I am sharing a sermon based on Jeremiah 52:31-34 and I Corinthians 10:14-17.  In my old Interpreter’s Bible commentary on Jeremiah, given to me when I was first ordained a Deacon by the Pastor-Parish Relations Committee of First United Methodist Church of Austin, Texas, is the following notation in the exposition section.  “Man [People], it has been said, is a god in ruins.  Would it be better, perhaps, to call him an exiled king?  For there is something about Jehoiachin that makes him typical, perhaps a symbol, of something in the human condition.  He must have been a lonely king, a king without a people; or if a people, than a people in captivity – like himself” (The Interpreter’s Bible, Volume No. 5, Commentary on Jeremiah, exposition by Stanley R. Hooper, p. 1141).

Do you know the chains of prison?  I think I do.  My hunch; no it is more, it is my conviction, is that we all do.  In this enlightened age we shy away from the word sin and yet the reality burrows deep into the marrow of our being like a tick on a dog.  I invite you to pause and take your own inventory.  What are the bars of your prison?  Where are the walls that have held your captive to lesser living?

As you engage in a personal inventory, do not stop at simply the personal level.  Much of our imprisonment, our sin, is corporate in nature.  What are the bars that hold us in check as society, nation and culture from being – how does that ad put it – “all we can be.”?  Press on the walls of greed, indifference and pride.  Imagine our own Bastille Day.

And now, take the biblical reality into your being.  Become again, or for the first time, your own Jehoiachin.  “So Jehoiachin discarded his prison clothes and ate his meals at the king’s table for the rest of his life. The Babylonian king provided him daily provisions for the rest of his life, right up until he died” (Jeremiah 52:34).

“Since there is one loaf of bread, we who are many are one body, because we all share the one loaf of bread.” At the King’s table, the altar table of Holy Communion, we are united in Christ with each other.  To be sure this is a memorial meal but it is more.  There is the real presence of Christ at the table.  Once again we kneel and experience again (or perhaps for the first time) the loving embrace of the Lord Jesus Christ over our lives.  We are invited into the Kings Company.

I look forward with joy to our sharing on Monday at Perkins.

Reclaiming a Robust Christology

Off and on for the last 3 months I have been working on paper that I will present at the Oxford Institute of Methodist Theological Studies.  The Institute gathers every five years at Christ Church College, Oxford, England where John Wesley studied.  The gathering consists mostly of Wesleyan scholars (University and Seminary professors) from around the world.  A number of attendee slots are set aside for Methodist judicatory leaders (Bishops, Presidents, Superintending Elders – the titles vary depending on which branch of Methodism someone comes from).  I have the privilege of representing the South Central Jurisdiction College of Bishops for the 8-day Conference.

My paper deals with reclaiming a theological orthodoxy at the heart of Methodism in the North American mission field.  As I have worked on this subject, the cardinal call to reclaim a robust Christology (and pneumatology – Doctrine of the Holy Spirit) as an antidote to what Dr. Kenda Dean, our Conference teacher, calls “moralistic therapeutic Deism.”  A robust Christology is the centerpiece of a faithful and fruitful congregation.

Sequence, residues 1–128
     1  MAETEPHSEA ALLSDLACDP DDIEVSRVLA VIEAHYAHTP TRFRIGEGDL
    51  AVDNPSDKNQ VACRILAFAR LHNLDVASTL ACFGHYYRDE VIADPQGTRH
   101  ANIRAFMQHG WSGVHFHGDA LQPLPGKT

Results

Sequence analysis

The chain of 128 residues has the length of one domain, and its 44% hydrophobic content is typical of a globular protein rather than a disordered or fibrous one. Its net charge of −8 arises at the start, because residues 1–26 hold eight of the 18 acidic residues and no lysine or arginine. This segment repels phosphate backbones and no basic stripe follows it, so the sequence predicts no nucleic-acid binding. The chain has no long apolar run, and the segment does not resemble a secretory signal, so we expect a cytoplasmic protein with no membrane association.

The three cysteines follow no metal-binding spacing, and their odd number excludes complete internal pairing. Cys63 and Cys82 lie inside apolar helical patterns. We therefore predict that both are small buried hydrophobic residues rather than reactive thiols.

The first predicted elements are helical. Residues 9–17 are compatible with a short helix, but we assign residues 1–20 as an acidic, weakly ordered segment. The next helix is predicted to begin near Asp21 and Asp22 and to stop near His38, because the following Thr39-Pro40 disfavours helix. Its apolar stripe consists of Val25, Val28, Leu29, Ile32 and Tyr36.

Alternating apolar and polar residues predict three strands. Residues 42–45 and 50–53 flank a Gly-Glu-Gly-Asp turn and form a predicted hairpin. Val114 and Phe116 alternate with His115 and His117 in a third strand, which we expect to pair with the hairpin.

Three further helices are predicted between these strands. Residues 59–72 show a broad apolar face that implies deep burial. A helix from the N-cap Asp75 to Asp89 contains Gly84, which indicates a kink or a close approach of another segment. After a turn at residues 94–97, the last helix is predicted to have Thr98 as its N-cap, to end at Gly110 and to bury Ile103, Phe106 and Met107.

New Testament scholar Willi Marxsen noted long ago that the earliest Christian creed was the simple three word phrase, “Jesus is Lord.” It is not a mistake that the great early Ecumenical Councils of the Church dealt first with the person of Jesus Christ.  A doctrine of salvation hinges on a doctrine of Christology which in turn hinges on an understanding of the Trinity.  The whole issue of soteriology hangs on these core doctrines.

The Apostle Paul’s great assertion of I Corinthians 15 arrests our attention. “I passed on to you as most important what I also received: Christ died for our sins in line with the scriptures, he was buried, and he rose on the third day in line with the scriptures.” Paul is not offering a minor aside in asserting the resurrection of Jesus Christ.  It is a claim to who Christ is.  He is the risen triumphant Lord and Savior; fully divine and fully human.  The creedal affirmation rightly reaches to this essence.

“We believe in one Lord, Jesus Christ,
the only Son of God,
eternally begotten of the Father,
God from God, Light from Light,
true God from true God,
begotten not made,
of one Being with the Father;
through him all things were made.

For us and for our salvation
He came down from heaven,
Was incarnate of the Holy Spirit and the Virgin Mary
And became truly human.”
(The Nicene Creed, No. 880; The United Methodist Hymnal)

Such creedal claims are a reflection of the early Christian church.  By way of example, at Pentecost Peter lays out the core Christological claim in the closing line of his sermon.  “Let all Israel know beyond question that God has made this Jesus, whom you crucified, both Lord and Christ” (Acts 2:36).  When the Apostle Paul offers his witness at Mars Hill, the speech is going well until he insist on the resurrection of Jesus in verse 31.  “When they heard about the resurrection from the dead, some began to ridicule Paul. However, others said, ‘We’ll hear from you about this again’ ” (Acts 17:32). This biblical foundation is even more explicit in the Gospel of John.